Georgia will play Florida State in the Jan. 1 Nokia Sugar Bowl in New Orleans, and the obvious compelling story of the game will be Richt, the Seminoles' former long-time offensive coordinator and quarterbacks coach, against Florida State coach Bobby Bowden.
On the Bowl Championship Series telecast Sunday, ABC's Terry Bowden assigned
his father the underdog role when he said: "I think the pupil is going to teach the teacher something in this game.''
In only his second season as Georgia's head coach, Richt has taken the Bulldogs to a 12-1 season, matching the school record for wins set in 1980 - and the long-awaited SEC championship with Saturday night's 30-3 victory over Arkansas.
Now, with many of his former recruits playing key roles in the Florida State offense and many of his friends on the Seminoles' staff, Richt said Sunday "I'm excited about getting to see some old friends.''
Said Richt, who spent 14 years on the Florida State staff: "I spent a lot of my life there and certainly the great majority of my coaching career there. My mentor there is Bobby Bowden and almost certainly everything I learned about coaching and handling players and people in general I learned from him and learned at Florida State.''
While Richt is looking forward to seeing his old friends, he says he is glad he does not have to face Bowden with more on the line. The Ohio State-Miami Fiesta Bowl will decide the national championship, so there won't be that pressure on the Sugar Bowl.
"If we were playing for everything, I don't know if we'd have much time to talk or want to talk to each other,'' Richt said in a Sugar Bowl teleconference.
Added Bowden: "True.''
The bowl sets up the first Georgia-Florida State game since the teams tied 17-17 in the 1984 Citrus Bowl in Orlando. Overall, Georgia leads the series 5-4-1, but before the 1984 game, the teams had not played since 1965.
Sugar Bowl executive director Paul Hoolahan said he was "absolutely satisfied'' with the pairing, though Florida State (9-4), the Atlantic Coast Conference champion, is the first BCS team with four losses.
Said Bowden, apparently comfortable with the underdog role: "It's kind of unfair for Georgia to come in 12-1 and us to have those four losses. ... I just hope we can make a good showing.''
Added Bowden, when asked about his son's nationally televised prediction: "(Terry) is pretty smart, isn't he. ... I did hear Terry when he made that comment that the student is going to beat the teacher. As you look at it, it looks correct. I can't say much past that.''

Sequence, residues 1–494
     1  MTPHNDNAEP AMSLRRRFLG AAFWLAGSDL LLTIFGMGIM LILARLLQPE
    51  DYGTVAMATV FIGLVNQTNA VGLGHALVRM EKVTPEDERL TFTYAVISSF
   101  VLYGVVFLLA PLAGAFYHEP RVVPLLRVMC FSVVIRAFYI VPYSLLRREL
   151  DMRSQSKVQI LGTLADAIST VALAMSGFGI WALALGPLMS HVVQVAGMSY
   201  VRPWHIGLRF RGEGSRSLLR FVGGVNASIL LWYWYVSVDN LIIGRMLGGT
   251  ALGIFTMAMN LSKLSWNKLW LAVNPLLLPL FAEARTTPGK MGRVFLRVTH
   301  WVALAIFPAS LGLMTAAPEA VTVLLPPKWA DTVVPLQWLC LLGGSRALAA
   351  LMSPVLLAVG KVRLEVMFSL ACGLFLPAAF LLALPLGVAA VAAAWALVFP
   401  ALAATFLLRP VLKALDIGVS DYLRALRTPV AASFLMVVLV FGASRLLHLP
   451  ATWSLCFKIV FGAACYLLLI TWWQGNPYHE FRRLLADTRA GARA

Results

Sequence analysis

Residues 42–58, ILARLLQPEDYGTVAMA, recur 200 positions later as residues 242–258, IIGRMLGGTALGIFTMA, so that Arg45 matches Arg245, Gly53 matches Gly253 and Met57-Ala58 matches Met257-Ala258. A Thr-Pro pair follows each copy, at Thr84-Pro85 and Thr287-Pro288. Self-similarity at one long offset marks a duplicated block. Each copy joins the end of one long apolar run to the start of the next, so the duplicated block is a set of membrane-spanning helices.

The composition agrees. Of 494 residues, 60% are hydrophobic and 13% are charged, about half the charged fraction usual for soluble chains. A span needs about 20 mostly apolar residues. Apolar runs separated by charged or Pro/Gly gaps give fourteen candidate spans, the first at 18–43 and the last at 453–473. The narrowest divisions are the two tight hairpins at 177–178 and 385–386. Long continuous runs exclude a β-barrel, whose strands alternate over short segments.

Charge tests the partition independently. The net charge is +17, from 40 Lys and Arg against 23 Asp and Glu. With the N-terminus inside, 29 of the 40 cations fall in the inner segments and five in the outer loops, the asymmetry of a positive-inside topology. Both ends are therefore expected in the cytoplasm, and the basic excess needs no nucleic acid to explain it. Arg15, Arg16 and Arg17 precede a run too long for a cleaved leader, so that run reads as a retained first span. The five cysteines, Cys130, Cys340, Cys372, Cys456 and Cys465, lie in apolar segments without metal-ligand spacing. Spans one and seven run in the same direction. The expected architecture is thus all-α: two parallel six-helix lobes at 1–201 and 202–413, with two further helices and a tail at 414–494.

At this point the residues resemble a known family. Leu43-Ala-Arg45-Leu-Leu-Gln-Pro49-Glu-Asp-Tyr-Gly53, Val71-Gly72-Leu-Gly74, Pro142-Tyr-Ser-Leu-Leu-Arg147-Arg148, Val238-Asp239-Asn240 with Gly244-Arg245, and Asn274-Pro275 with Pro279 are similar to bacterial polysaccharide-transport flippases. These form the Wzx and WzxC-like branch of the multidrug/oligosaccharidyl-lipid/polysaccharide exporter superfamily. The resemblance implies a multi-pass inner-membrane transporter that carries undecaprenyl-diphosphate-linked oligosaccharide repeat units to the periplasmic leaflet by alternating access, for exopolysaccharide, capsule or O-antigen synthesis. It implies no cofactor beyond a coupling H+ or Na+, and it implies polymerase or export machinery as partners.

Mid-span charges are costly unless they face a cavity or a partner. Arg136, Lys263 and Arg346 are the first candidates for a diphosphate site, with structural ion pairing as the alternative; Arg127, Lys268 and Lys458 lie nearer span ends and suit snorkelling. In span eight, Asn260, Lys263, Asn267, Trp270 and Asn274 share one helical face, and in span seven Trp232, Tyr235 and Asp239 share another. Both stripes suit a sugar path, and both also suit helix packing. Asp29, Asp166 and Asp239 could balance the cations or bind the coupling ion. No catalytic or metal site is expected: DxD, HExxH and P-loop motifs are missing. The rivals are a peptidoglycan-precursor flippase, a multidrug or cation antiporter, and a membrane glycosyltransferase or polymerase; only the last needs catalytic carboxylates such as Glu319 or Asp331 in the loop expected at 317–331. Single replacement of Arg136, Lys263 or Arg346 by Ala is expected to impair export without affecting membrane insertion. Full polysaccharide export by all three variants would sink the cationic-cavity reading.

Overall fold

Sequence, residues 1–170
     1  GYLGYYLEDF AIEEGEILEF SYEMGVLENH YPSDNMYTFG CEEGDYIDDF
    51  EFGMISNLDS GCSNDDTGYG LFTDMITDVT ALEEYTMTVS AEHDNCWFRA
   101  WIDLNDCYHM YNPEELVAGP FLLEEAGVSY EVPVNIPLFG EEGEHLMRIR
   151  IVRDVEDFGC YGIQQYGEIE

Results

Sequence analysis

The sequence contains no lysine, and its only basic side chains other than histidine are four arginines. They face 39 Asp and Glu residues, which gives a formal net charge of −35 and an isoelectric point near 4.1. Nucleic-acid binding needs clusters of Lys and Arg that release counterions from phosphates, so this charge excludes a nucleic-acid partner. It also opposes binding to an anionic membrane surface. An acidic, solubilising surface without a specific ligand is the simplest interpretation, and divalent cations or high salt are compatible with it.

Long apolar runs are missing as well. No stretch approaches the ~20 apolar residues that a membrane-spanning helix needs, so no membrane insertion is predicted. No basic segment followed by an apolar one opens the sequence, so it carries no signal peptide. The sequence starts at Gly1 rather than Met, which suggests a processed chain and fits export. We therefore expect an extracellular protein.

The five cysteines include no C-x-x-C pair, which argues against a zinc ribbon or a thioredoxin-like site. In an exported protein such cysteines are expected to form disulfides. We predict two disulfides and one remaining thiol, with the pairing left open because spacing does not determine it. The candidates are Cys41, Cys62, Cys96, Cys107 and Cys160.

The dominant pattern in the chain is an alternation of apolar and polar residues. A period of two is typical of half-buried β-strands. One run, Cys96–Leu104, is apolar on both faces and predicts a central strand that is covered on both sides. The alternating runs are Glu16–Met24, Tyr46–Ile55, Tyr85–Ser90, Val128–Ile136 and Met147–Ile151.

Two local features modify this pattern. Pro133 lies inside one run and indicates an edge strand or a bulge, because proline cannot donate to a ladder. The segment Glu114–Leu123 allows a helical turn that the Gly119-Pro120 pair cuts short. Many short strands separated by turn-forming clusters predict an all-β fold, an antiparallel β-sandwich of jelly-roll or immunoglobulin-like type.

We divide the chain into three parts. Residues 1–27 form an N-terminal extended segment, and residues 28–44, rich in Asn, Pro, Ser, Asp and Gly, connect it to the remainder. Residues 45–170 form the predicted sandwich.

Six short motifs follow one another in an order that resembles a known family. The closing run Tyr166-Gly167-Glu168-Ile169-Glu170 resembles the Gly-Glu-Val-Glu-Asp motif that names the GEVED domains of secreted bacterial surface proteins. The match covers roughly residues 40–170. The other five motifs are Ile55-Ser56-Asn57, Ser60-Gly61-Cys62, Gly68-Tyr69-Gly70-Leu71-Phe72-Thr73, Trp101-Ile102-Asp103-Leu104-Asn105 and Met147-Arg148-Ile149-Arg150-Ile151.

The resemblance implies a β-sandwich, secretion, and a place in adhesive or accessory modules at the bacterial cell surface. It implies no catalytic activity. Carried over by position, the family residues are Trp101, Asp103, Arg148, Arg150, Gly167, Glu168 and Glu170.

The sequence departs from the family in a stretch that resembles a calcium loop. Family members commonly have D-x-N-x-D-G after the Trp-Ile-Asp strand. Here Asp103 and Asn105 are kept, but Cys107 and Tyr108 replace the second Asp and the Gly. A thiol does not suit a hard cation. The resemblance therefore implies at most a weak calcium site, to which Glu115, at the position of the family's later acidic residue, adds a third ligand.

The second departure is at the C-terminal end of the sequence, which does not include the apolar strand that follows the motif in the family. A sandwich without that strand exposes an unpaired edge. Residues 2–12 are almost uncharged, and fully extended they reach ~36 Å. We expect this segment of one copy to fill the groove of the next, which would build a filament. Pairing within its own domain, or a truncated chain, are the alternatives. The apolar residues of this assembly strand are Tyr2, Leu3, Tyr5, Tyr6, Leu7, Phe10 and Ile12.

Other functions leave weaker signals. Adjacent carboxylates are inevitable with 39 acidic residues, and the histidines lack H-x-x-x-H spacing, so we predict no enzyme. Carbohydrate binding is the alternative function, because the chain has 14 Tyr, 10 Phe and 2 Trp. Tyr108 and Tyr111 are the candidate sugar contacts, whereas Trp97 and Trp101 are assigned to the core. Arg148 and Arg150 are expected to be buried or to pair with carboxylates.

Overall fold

Said Richt: (Terry) is just setting (the Sugar Bowl) up.''
Bowden's team came within a missed field goal of beating Miami, and it finished its regular season with a 31-14 win over a Florida team that gave Georgia its only loss.
According to Richt, Florida State's games against Miami and Florida should be enough to earn the respect of the Bulldogs.
The 72-year-old Bowden has made no mention of retirement plans, but already Richt has been asked if he would have interest in a return to Tallahassee as Bowden's successor. The question came up again Sunday and surely will follow Richt to New Orleans.
"I'm sure people will ask,'' Richt said. "They ask it all the time. We're very, very happy at Georgia. This is our home. We couldn't be more happy with what's gone on with our lives since we've gotten here.''
Added Richt, also speaking for his wife: "Katharyn and I said it when we got here, this is it for us and as long as Georgia wants us this is where we want to be.''
NOTES: Georgia players have to prepare for fall semester final exams Dec. 10-17th, and so Georgia will not return to the practice fields until Dec. 17 or Dec. 18. Richt said he plans for "a lot of recruiting and a couple of speaking engagements'' and will begin studying tape of Florida State in the next week. ... Richt said there were no injuries reported after the win over